By Professor Avinoam Patt
Kwibuka means Zakhor.*
This year, Rwanda marks the 20th anniversary of the Genocide of the Tutsis, which began in April 1994 when approximately 800,000 Tutsi were killed when a Hutu extremist-led government launched a plan to murder the country’s entire Tutsi minority and any others who opposed the government’s policies. Under the cover of war, paramilitary groups killed Tutsis, and people suspected of being Tutsi, in their homes and as they tried to flee at roadblocks set up across the country during the genocide. Entire families were killed. Women were systematically and brutally raped. The civil war and genocide only ended when the Tutsi-dominated rebel group, the Rwandan Patriotic Front (RPF), led by current President Paul Kagame, defeated the Hutu perpetrator regime. In the twenty years since the genocide, the Rwandan government has pursued a policy of “unity and reconciliation.”
One might ask: Why should it matter to the Jewish community what happened in a central African nation twenty years ago?
Kwibuka means Zakhor.
Each year before marking the holiday of Purim and blotting out the name of Haman, Jews commemorate Shabbat Zakhor. “Zakhor et Asher Asah Lekha Amalek” – “Remember what Amalek did to you on the way, upon your departure from Egypt. … You shall erase the memory of Amalek from beneath the heavens, you shall not forget.” The Rabbis often ask: how do we remember Amalek while erasing its memory? How do we remember intellectually while also not forgetting in our hearts?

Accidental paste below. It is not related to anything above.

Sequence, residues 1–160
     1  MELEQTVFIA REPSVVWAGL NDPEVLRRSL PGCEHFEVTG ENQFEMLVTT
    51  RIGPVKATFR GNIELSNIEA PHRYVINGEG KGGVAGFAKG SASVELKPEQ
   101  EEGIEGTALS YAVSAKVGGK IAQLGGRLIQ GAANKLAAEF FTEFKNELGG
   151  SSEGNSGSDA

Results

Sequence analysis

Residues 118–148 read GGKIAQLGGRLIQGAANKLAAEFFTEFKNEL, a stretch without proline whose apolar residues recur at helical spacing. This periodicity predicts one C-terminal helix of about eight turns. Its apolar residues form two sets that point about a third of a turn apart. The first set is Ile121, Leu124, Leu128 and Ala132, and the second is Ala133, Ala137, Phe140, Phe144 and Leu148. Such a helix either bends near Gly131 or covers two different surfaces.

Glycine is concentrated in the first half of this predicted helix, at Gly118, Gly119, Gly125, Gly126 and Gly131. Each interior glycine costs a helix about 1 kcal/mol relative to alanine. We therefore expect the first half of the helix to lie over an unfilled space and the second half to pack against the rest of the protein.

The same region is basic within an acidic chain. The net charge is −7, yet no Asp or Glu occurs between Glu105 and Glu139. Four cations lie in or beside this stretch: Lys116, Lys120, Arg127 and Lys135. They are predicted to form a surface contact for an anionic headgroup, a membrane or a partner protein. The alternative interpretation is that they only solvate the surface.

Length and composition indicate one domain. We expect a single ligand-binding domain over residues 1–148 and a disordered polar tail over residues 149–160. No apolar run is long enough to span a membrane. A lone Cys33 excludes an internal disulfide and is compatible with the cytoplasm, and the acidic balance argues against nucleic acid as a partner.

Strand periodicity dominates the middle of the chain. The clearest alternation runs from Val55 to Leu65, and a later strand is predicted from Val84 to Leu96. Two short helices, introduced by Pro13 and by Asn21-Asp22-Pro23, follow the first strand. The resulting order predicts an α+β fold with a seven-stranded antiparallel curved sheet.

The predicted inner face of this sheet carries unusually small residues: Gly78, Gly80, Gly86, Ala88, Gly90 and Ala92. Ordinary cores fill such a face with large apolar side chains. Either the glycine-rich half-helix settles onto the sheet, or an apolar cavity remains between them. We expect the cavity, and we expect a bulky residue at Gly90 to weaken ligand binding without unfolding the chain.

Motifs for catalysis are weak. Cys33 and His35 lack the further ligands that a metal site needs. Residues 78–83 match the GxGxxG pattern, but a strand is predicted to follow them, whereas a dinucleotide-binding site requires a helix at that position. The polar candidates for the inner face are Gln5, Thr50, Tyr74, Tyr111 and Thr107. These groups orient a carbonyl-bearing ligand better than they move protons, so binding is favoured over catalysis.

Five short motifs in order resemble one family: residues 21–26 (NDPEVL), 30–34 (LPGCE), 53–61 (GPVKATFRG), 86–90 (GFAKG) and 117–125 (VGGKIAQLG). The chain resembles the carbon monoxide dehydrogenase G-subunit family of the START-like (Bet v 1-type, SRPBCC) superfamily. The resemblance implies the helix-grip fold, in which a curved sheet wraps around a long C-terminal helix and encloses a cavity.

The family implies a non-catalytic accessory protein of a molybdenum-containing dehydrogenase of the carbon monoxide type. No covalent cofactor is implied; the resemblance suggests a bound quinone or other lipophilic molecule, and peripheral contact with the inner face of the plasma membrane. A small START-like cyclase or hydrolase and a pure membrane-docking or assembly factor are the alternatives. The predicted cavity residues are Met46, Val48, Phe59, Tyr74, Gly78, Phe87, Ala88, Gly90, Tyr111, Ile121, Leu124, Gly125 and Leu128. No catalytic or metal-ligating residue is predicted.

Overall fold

After the Holocaust, survivors were determined that the world not forget the evil represented by the Nazis. Amateur historians created historical commissions that would document Nazi crimes and asked fellow survivors to assist them in their “holy” work to collect and record the testimonies of the ‘Surviving Remnant.’
But they knew all too well that what they had just survived was a form of evil that had manifested itself repeatedly in history – that Amalek would resurface from generation to generation. They knew that throughout history there had been and would continue to be those who represent the ultimate form of evil, those who prey on the weak and the innocent, on those who cannot defend themselves. They understood that the commandment to remember the evil of Amalek was not just a retroactive commandment enacted in the aftermath of genocide — a form of remembrance fulfilled through memorialization; it was and is a positive commandment that carries with it the responsibility to educate for the future, to ensure that this type of evil does not return; and if and when it does return, that we are prepared to confront it.